Office of the Press Secretary
For Immediate Release April 29, 2016
REMARKS BY THE PRESIDENT
AT WHITE HOUSE JAZZ FESTIVAL
7:31 P.M. EDT
PRESIDENT: Good evening, everybody! Welcome to the White House! Good-looking crowd. For five years, International Jazz Day’s main event has been celebrated around the world, from Istanbul, to Osaka, to Paris. So we couldn’t be prouder that, this year, jazz comes back home to America. (Applause.) I want to thank UNESCO, its Director General Irina Bokova, and the Thelonious Monk Institute for helping us to put on this unbelievable event. (Applause) I also want to thank someone who has been a great friend to me and Michelle -- UNESCO ambassador, legendary jazz musician, and all-around cool cat, Herbie Hancock. (Applause.) And our emcee for the evening, who some people has a pretty good voice, Morgan Freeman. (Applause.)
In 1964, Dizzy Gillespie ran for President -- this is a true story -- and he said, “When I am elected President of the United States, my first executive order will be to change the name of the White House to the Blues House.” (Laughter.) So tonight, we’re going to do right by Dizzy. We are turning this place into the Blues House. (Applause.) And before anybody calls this executive overreach -- (laughter) -- or some sort of power-grab, I want to clarify that I did not issue a new executive order. I just invited all my favorite jazz musicians to play in my backyard, which is one of the great perks of the job.
I don’t need to tell this crowd the story of jazz. From humble origins as the music of the black working class -- largely invisible to the mainstream -- it went on to become America’s most significant artistic contribution to the world. Jazz took shape in that most American of cities, New Orleans, where the rich blend of Spanish, and French, and Creole, and other influences sparked an innovative new sound. By the early 20th century, you could walk down the street of the infamous Storyville district and -- maybe as you tried to stay out of trouble -- hear the likes of Jelly Roll Morton and King Oliver and, of course, Louis Armstrong.
Over the years, the sound traveled and changed -- hot jazz, swing, bebop, Latin, fusion, and experiments that defied labels. But its essence has always remained the same.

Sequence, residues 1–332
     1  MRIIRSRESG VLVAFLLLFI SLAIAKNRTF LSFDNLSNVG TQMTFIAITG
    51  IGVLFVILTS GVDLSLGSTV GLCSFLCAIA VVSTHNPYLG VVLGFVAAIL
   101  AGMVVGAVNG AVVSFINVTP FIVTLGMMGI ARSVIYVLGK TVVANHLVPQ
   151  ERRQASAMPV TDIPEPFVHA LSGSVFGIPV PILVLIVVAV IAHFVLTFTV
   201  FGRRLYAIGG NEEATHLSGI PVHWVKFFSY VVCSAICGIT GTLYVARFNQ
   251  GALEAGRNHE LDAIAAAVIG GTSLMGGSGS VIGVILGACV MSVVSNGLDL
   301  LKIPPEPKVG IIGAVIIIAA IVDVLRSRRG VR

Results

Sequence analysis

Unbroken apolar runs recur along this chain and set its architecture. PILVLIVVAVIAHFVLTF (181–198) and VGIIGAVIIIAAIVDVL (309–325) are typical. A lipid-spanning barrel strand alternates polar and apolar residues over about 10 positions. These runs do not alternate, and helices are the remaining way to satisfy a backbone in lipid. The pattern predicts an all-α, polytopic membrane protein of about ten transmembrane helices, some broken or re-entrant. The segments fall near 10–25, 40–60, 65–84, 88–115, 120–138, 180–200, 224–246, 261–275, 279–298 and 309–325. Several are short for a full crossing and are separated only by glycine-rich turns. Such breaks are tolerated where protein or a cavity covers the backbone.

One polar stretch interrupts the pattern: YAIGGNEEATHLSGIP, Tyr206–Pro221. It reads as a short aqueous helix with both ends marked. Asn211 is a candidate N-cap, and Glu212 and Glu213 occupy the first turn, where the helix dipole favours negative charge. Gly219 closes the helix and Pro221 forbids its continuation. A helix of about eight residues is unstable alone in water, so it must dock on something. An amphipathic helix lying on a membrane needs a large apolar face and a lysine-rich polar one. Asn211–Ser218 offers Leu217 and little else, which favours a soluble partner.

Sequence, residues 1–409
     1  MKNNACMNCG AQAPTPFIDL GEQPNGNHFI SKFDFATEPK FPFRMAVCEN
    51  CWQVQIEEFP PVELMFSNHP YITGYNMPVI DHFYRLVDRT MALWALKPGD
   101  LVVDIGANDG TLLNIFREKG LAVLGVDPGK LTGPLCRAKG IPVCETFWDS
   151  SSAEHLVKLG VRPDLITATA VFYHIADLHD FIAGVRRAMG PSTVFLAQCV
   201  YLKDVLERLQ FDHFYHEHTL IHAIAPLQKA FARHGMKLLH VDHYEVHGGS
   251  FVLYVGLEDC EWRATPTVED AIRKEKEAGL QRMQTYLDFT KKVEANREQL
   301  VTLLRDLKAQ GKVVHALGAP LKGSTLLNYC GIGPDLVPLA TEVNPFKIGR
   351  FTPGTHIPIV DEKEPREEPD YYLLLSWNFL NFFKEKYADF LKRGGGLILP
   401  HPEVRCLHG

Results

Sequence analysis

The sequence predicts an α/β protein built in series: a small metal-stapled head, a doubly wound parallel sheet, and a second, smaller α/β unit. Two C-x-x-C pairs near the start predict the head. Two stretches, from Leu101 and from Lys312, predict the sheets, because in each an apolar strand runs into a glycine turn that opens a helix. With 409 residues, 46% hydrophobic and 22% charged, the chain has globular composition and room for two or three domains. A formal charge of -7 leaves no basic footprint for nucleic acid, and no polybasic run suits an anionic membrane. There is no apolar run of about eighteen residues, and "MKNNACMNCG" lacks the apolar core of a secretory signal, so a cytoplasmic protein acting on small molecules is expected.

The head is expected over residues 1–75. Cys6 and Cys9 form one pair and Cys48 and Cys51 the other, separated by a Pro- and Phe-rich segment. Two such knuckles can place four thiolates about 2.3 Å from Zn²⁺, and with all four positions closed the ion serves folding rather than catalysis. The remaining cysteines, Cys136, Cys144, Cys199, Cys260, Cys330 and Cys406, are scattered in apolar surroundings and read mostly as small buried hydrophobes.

Most jazz lovers probably remember the first time this music got into our bones. Maybe it was Miles teaching us to make room for silence, to hear life in the notes that he didn’t play. Or how Herbie could hang our hearts on a suspended chord. Or how Billie’s voice, shimmering and shattered, seemed to bend time itself.
For me, that happened as a child, when my father, who I barely knew, came to visit me for about a month. And in the few weeks that I spent with him, one of the things that he did was take me to my first jazz concert -- to see Dave Brubeck in Honolulu, Hawaii, in 1971. And I didn't realize at the time that it had, but the world that that concert opened up for a 10-year-old boy was spectacular. And I was hooked.
Many have said that they've been hooked as well. And perhaps more than any other form of art, jazz is driven by an unmistakably American spirit -- it is, in so many ways, the story of our nation’s progress. Born out of the struggle of African Americans yearning for freedom. Forged in a crucible of cultures -- a product of the diversity that would forever define our nation’s greatness. Rooted in a common language from which to depart to places unknown. It's both “the ultimate in rugged individualism” -- to get out on stage with nothing but your instrument and improvise, spontaneously create; and the truest expression of community -- the unspoken bond of musicians who take that leap of faith together. There is something fearless and true about jazz. This is truth-telling music.
Jazz is perhaps the most honest reflection of who we are as a nation. Because after all, has there ever been any greater improvisation than America itself? We do it in our own way. We move forward even when the road ahead is uncertain, stubbornly insistent that we’ll get to somewhere better, and confident that we’ve got all the right notes up our sleeve.
And that’s what's attracted a global audience to this music. It speaks to something universal about our humanity -- the restlessness that stirs in every soul, the desire to create with no boundaries.
“Jazz is a good barometer of freedom,” Duke Ellington once said. No wonder it has such an outsized imprint on the DNA of global music. It has spread like wildfire across the world, from Africa to Asia. And jazz blended with the bossa nova of Brazil or the tango of Argentina -- which, from here on out, I will endeavor to appreciate as a listener and observer, rather than as a dancer. (Laughter and applause.) It can be heard on the Scottish bagpipe, on the Indian sitar. It opened up new exchanges with classical music, and with Eastern music -- and it can make the oldest folk songs sound new.
Jazz. It’s always been where people come together, across seemingly unbridgeable divides. And here at home, before schools and sports, it was jazz that desegregated -- because for so many players, the only thing that mattered was the music.
The same was true around the world. I was recently in Cuba, the first American President to make that trip in 88 years. (Applause.) And in Havana, you can hear the beautiful sounds of Afro-Cuban jazz, and that unlikely marriage of cultures that, a century later, still captivates us. We hope this music will lead to new avenues for dialogue, and new collaborations across borders. And if we can keep faith with that spirit, there’s no doubt that jazz will live on for generations to come.
So let me stop talking. We’ve got an all-star lineup of artists from around the country and around the world. Is everybody ready? (Applause.) Let’s do this thing. Jazz at the Blues House. (Applause.)